The most famous artists of Memphis
With as storied a history as Memphis has, it goes without saying that it's had many notable musicians. There are dozens, if not hundreds, of incredible blues, jazz, funk, R&B and rock 'n' roll artists that either originated in or worked primarily in Memphis. Today, many musicians flock to Memphis as a way to learn more about the culture and their trade.
Some of the most famous artists of Memphis included:
- Elvis Presley. Though born in Mississippi, Elvis Presley relocated to Memphis early in his life — when he was just 13. Initially a country music and R&B artist, he began to develop a new, energetic sound: rock'n'roll. Elvis Presley remains a considerable influence, as one of the artists who was able to blend multiple styles of Tennessee music and create a new style of his own. Most notably, Elvis Presley was highly influenced by African American singing and composing and is often thought to have brought this style into the mainstream.
- B. B. King. The renowned blues singer-songwriter and guitarist, B. B. King was instrumental to the development of Memphis blues and the electric blues era. Like Elvis, he was initially born in Mississippi, but his later life took him to Memphis and Chicago. His name is now synonymous with the blues, particularly his guitar style.
- Isaac Hayes. Today he may be best known for his film score for the film Shaft, but Isaac Hayes was much more than that. Isaac Hayes was an expert in Southern soul and one of the major artists behind Stax Records. A well-known humanitarian and the child of a sharecropper, Isaac Hayes spent much of his time completing charitable work with his wealth and fame. He had considerable influence in movies and television series and received a total of nine BMI awards.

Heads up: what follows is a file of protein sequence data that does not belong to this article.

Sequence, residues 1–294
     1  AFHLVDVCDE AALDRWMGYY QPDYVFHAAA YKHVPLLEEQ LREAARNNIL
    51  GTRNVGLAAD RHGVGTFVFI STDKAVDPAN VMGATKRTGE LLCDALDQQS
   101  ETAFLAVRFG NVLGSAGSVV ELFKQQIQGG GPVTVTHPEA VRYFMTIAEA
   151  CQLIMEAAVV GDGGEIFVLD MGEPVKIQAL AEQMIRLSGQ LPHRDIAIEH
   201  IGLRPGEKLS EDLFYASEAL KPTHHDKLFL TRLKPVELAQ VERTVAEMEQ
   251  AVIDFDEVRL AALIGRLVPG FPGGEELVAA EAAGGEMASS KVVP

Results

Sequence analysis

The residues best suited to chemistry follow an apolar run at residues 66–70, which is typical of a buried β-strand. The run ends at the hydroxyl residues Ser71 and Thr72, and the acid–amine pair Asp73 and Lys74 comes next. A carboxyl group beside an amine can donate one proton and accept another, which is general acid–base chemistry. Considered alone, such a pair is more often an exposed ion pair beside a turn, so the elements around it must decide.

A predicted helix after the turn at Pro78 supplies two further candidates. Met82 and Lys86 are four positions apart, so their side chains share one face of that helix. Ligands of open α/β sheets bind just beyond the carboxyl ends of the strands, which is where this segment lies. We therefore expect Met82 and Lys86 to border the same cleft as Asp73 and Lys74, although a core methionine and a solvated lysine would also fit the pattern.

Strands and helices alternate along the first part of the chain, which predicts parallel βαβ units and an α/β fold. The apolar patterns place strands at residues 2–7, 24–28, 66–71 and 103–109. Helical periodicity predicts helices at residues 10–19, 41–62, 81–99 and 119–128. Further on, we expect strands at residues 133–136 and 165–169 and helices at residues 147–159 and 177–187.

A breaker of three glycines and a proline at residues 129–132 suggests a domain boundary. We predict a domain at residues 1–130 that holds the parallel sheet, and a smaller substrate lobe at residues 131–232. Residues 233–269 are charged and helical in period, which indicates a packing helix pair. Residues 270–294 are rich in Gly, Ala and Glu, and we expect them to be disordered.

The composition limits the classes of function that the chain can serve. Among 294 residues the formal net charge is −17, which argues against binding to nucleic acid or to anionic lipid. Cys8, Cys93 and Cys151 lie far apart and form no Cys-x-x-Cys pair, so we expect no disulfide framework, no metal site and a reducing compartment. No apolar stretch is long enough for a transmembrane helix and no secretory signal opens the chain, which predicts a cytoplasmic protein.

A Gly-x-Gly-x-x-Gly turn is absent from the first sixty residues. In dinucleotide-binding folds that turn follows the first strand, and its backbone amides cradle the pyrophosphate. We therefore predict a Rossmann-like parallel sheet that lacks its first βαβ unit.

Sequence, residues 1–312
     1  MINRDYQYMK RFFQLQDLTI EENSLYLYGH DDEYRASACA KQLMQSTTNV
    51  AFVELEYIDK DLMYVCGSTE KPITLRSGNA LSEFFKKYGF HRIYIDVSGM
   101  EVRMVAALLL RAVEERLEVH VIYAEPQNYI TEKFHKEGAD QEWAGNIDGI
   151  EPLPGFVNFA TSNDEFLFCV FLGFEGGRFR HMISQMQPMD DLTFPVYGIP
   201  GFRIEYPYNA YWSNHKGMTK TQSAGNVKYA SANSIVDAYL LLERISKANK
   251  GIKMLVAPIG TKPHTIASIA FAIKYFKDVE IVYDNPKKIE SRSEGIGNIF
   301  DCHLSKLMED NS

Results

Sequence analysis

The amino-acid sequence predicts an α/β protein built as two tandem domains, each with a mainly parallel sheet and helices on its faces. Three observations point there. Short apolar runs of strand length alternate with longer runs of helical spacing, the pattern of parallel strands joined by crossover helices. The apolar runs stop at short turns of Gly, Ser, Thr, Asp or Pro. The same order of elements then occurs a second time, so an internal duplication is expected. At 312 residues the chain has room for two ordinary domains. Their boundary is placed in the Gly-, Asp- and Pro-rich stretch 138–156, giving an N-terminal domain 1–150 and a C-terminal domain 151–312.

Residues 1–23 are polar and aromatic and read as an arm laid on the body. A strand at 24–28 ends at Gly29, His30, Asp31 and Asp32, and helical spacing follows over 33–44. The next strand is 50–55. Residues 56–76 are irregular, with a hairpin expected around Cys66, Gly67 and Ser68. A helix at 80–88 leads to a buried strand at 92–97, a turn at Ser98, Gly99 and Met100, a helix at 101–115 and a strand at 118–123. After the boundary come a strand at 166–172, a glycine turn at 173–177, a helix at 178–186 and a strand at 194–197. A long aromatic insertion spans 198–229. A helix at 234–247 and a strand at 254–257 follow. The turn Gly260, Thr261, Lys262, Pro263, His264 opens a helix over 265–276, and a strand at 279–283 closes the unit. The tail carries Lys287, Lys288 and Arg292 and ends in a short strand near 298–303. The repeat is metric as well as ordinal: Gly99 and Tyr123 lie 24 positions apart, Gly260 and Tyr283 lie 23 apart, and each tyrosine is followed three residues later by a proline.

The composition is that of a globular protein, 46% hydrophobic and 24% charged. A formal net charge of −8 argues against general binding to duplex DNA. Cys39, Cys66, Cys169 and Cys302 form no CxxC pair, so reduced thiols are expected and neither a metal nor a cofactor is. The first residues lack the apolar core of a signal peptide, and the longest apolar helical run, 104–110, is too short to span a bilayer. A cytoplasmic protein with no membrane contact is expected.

- Johnny Cash. Seamlessly moving between blues, folk, rock and roll and gospel music, Johnny Cash was and remains a musical icon. Originally from Kingsland, Arkansas, he came to Memphis as an appliance salesman and began to explore the music scene. He was eventually signed on with Sun in 1955 and the rest was history.
- Furry Lewis. Walter "Furry" Lewis, born in 1893, is one of the earliest country blues stars and a notable figure in Memphis. Popular through the 1920s, Lewis spent much of his time as a traveling musician. He experienced a resurgence as blues garnered renewed interest in the 1960s and eventually opened for acts such as the Rolling Stones.
- Aretha Franklin. It's notable that Aretha began her career as a gospel singer in Tennessee, eventually bringing her skills to Atlantic Records and spreading Tennessee's influence across the country. Aretha Franklin remained true to her gospel and soul roots and eventually was dubbed "The Queen of Soul." There are few musicians who can claim to have an influence as powerful as Aretha Franklin.